A question was asked about the need for government testing in light of two quoted scripture references.

We do not claim to have all the right answers but based on our present understanding of the scriptures, we will do our best to bring a little clarity to your queries.

Bible Reference: Mark 12:17

Since we deal with a very large number of people coming with diverse understandings with respect to the interpretation and application of scripture, we are careful to word things such that we leave room for this diversity without appearing too offensive or defensive. Therefore, please understand that it is not that we advocate a noncompliance with government as much as a compliance with biblical directives. When it comes to the welfare of our children, we must determine whether God or government sets the agenda.

If we believe government has the authority regarding the education of our children, then we would be wise to adhere to the state’s standards and to comply with it’s desire to test the children in ascertaining whether or not this standard is being met. One should, however, question what the purpose of testing would be if there are no consequences for failing to meet the state’s criteria.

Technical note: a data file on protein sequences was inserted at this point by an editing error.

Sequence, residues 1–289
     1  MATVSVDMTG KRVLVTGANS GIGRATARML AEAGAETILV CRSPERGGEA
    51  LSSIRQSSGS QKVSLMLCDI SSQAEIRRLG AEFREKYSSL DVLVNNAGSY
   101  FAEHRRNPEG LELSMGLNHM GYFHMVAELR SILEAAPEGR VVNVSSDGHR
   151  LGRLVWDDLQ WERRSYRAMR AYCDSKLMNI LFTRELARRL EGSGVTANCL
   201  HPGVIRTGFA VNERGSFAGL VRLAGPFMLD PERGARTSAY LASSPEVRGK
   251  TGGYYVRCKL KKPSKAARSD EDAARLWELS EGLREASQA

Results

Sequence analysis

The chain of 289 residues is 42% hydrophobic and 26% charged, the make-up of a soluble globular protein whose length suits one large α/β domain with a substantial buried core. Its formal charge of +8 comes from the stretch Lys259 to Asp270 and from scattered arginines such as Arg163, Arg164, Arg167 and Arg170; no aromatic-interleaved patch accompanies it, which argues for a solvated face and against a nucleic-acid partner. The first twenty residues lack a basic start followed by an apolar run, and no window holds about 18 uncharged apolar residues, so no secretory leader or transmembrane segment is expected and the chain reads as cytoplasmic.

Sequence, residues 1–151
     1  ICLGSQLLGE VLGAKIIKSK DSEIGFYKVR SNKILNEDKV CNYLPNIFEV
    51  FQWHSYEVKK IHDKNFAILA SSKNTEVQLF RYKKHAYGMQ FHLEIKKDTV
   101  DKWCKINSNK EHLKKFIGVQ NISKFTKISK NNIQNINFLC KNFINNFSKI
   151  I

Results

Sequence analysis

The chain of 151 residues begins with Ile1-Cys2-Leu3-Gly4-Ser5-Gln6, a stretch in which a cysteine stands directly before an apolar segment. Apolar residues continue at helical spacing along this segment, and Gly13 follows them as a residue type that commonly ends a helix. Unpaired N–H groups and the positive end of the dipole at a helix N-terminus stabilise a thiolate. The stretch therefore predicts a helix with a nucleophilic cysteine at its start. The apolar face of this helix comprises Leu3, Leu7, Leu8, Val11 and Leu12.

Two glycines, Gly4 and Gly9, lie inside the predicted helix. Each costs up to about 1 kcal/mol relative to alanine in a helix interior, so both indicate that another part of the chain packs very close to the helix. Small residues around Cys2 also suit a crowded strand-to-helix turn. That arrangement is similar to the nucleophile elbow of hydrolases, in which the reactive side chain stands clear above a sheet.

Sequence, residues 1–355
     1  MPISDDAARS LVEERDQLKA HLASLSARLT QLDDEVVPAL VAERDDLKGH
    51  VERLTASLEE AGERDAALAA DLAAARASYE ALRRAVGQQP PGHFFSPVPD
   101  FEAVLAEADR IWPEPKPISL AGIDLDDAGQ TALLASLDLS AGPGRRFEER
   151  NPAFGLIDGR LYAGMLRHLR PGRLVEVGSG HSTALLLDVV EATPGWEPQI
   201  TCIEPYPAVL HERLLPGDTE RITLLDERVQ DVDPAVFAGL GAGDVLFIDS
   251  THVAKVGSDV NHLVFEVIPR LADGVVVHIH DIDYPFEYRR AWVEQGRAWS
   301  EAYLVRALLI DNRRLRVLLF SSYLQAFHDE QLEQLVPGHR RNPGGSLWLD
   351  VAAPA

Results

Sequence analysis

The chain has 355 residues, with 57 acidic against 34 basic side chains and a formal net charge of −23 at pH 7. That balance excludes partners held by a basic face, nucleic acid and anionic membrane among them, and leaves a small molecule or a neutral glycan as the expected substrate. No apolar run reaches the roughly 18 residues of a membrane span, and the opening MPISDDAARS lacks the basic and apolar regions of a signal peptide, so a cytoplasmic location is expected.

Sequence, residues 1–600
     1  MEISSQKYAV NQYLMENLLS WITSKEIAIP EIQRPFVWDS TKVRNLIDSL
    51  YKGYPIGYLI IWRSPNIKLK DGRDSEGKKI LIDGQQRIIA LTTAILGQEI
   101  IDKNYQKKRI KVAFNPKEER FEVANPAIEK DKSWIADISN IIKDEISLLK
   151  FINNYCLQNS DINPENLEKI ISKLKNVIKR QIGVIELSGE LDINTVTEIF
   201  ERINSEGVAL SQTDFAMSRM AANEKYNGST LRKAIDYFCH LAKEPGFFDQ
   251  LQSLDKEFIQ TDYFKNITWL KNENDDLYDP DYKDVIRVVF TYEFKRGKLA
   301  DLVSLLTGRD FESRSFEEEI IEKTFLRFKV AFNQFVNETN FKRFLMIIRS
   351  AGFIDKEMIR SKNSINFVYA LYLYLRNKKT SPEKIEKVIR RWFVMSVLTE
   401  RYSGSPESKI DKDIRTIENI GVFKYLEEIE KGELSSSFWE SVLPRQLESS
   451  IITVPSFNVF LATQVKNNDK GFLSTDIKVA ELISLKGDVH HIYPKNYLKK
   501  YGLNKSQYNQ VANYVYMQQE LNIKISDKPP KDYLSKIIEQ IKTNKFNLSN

If, on the other hand, we believe that we bear a responsibility under God’s authority respecting the education of our children, then we are free to determine whether or not testing is in the best interest of the child. Considering that the state’s programming is based on a secular humanistic philosophy and that all testing produced by the government will be evaluating a child based on this foundational perspective, should lead us to seriously question the objective behind the need for testing. If our aim is to simply train the mind, as any program (think of the word in light of computers!) is meant to do, testing may make sense. If our aim is to direct a child to recognize God and His purposes and to advance His Kingdom, then testing becomes unnecessary as God will see to it that the child is properly prepared in keeping with the abilities and callings. No man made instrument is capable of doing this.

Therefore, refusing to allow our children to be tested is not an act of defiance against the government, as much as an exercise of the God given parental authority we have. For the most part, government understands this and makes no effort to force the issue as clearly seen in the existing home education regulations. What direction the government will choose to take in the upcoming, new Home Education Regulations, remains to be seen. Whether mandatory testing is included or not, our response should still be determined by our knowledge and understanding of the truth in God’s word with respect to the training of our children and the faith we exercise through it.

Hope this clarifies things for you.